It’s official — the wrecking ball is joining the Internet of Things. On any given day, Caterpillar, the 90-year-old industrial equipment giant, has more than three million machines in the field around the world. But the biggest and baddest industrial Cats — bulldozers, excavators, backhoes and loaders — aren’t just moving mountains of dirt and digging tunnels. They’re beginning to move mountains of critical machine data from onboard sensors and other IoT gear, enabling new services and capabilities for equipment owners, customers, yard managers, service technicians and everyone tied into the big business behind the hard labor.

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As part of Caterpillar’s recent minority investment in data analytics platform Uptake (founded by Groupon co-founder Brad Keywell), the company is aiming to bring its physical product line online — enmeshed into what its bigger rival, GE, calls the Industrial Internet. As Caterpillar CEO Douglas Oberhelman recently explained, sensors on a Caterpillar dozer working in the Arctic might soon be able to diagnose a mechanical problem, relay an alert back to the equipment owner and “maybe even back to the actual engineer who designed the product.”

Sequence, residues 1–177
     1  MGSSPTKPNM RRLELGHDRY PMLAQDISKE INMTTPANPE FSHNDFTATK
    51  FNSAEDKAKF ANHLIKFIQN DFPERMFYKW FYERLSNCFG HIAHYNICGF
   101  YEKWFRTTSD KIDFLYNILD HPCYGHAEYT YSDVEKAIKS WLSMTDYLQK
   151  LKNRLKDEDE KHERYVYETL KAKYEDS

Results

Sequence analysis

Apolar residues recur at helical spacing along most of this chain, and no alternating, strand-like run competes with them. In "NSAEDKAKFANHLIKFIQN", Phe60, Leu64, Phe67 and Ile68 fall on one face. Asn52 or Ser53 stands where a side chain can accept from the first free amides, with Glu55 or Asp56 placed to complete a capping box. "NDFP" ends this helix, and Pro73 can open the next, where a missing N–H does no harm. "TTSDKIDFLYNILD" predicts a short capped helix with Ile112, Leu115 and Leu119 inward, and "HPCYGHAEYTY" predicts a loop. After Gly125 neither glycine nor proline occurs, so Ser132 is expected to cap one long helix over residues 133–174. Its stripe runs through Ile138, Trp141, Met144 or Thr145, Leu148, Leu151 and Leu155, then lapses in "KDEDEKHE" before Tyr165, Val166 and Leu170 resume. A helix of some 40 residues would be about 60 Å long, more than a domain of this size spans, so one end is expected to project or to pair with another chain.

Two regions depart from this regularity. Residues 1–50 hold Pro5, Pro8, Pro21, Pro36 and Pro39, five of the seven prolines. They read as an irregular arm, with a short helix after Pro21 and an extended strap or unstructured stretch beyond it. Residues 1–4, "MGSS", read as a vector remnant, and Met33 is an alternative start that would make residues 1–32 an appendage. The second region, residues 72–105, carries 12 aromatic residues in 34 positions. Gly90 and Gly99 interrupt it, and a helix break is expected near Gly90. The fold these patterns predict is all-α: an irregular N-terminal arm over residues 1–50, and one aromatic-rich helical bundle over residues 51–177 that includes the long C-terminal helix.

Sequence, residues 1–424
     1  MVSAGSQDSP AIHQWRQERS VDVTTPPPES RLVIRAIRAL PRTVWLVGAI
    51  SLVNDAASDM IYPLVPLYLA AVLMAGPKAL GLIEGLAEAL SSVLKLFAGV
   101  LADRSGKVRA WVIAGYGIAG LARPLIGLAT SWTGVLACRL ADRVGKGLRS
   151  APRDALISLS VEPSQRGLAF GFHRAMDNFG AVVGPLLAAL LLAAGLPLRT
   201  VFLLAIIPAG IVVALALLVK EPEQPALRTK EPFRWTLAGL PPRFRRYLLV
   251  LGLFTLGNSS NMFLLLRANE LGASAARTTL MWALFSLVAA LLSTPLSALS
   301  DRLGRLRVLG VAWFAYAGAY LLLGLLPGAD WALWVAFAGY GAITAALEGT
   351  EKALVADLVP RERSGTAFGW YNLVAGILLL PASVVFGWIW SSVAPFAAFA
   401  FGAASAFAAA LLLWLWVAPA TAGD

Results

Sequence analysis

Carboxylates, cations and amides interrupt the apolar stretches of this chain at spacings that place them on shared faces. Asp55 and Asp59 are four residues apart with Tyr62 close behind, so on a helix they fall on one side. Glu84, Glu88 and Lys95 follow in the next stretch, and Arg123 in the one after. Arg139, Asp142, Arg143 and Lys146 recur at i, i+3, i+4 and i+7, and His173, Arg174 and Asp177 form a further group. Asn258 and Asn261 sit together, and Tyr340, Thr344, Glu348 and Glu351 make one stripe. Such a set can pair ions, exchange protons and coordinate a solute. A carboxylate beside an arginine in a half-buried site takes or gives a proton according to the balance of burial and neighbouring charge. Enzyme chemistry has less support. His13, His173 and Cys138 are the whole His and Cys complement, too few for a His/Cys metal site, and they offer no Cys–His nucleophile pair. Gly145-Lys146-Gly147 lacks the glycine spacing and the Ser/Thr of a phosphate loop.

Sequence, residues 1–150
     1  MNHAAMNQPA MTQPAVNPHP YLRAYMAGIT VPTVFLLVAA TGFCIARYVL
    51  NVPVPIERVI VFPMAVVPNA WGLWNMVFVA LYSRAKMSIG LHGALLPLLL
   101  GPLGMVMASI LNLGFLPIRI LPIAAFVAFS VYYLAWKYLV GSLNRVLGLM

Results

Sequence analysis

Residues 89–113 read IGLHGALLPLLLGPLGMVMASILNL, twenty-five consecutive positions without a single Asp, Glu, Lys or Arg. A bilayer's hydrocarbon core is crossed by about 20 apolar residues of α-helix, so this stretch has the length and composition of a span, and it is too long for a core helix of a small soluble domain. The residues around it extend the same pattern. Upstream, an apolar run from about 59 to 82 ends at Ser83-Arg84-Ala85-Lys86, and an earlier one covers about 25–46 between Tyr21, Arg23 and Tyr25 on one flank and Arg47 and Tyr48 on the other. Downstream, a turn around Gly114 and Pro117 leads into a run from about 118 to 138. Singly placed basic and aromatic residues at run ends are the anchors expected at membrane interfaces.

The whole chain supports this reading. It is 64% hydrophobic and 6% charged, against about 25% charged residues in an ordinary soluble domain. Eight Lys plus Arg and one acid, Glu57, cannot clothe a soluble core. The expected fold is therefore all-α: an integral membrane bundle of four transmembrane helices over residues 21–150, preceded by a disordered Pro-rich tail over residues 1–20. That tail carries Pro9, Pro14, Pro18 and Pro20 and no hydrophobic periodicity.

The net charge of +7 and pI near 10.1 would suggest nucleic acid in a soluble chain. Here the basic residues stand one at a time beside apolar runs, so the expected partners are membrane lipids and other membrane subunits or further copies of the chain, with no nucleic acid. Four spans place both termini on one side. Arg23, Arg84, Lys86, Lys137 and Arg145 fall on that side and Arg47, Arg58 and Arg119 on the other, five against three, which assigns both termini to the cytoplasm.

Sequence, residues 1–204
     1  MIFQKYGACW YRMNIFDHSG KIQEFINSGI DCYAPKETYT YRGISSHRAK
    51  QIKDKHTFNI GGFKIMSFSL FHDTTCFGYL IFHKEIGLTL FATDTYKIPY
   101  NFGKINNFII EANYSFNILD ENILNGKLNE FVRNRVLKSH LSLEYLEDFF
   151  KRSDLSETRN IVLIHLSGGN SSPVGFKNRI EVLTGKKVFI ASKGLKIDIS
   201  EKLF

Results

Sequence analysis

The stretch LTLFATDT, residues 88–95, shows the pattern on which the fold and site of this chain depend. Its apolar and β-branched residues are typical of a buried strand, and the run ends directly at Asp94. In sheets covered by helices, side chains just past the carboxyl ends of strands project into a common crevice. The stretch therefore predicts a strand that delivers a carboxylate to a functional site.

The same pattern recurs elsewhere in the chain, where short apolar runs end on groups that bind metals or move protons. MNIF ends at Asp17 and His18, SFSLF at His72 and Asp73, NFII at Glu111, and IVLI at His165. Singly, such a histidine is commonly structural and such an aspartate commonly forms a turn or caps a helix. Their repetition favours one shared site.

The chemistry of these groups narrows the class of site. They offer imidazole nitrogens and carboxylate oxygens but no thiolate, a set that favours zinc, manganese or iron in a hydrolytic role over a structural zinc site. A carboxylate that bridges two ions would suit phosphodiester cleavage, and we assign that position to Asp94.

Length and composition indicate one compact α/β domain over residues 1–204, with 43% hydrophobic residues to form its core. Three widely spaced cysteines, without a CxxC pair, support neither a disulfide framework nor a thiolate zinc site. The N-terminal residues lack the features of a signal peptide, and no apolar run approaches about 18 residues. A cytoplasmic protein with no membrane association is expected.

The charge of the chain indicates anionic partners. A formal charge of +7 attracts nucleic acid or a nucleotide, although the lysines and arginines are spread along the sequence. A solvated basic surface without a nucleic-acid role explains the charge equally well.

Here’s a broader look at how Caterpillar is looking to modernize its fleet and make IT a critical part of running an industrial-equipment business:

  • IoT 101 tech on board. Caterpillar already has sensor-outfitted equipment that can measure fuel, idle times and other inputs, and an internal data team has been working on job-site optimization and equipment utilization for several years.
  • Data R&D underway. In February, the 90 year-old company launched a data innovation lab at the University of Illinois at Urbana-Champaign that brings together its R&D resources in computer science, engineering and operations. The lab is focused on “emerging and disruptive data-based technologies.”
  • Uptake-powered analytics and services. According to Greg Folley, vice president of Caterpillar’s analytics & innovation division, Uptake will help Caterpillar co-develop a platform that collects and analyzes equipment data to give customers real-time assessment of machine health and predictive diagnostics. Ultimately, the new platform will be rolled out globally, and accessible via smartphones, tablets and laptops. As Folley says, “We must think outside the machine.”

ABOUT Lauren Zanolli

Avatar photoLauren is a freelance journalist most interested in what happens at the intersection of technology, business and society. She has covered economic development in the Middle East from Istanbul, microfinance and social entrepreneurship from Mumbai, and worked in the solar energy business while in San Francisco. She is currently based in New Orleans. Find her on Twitter @LaurenZanolli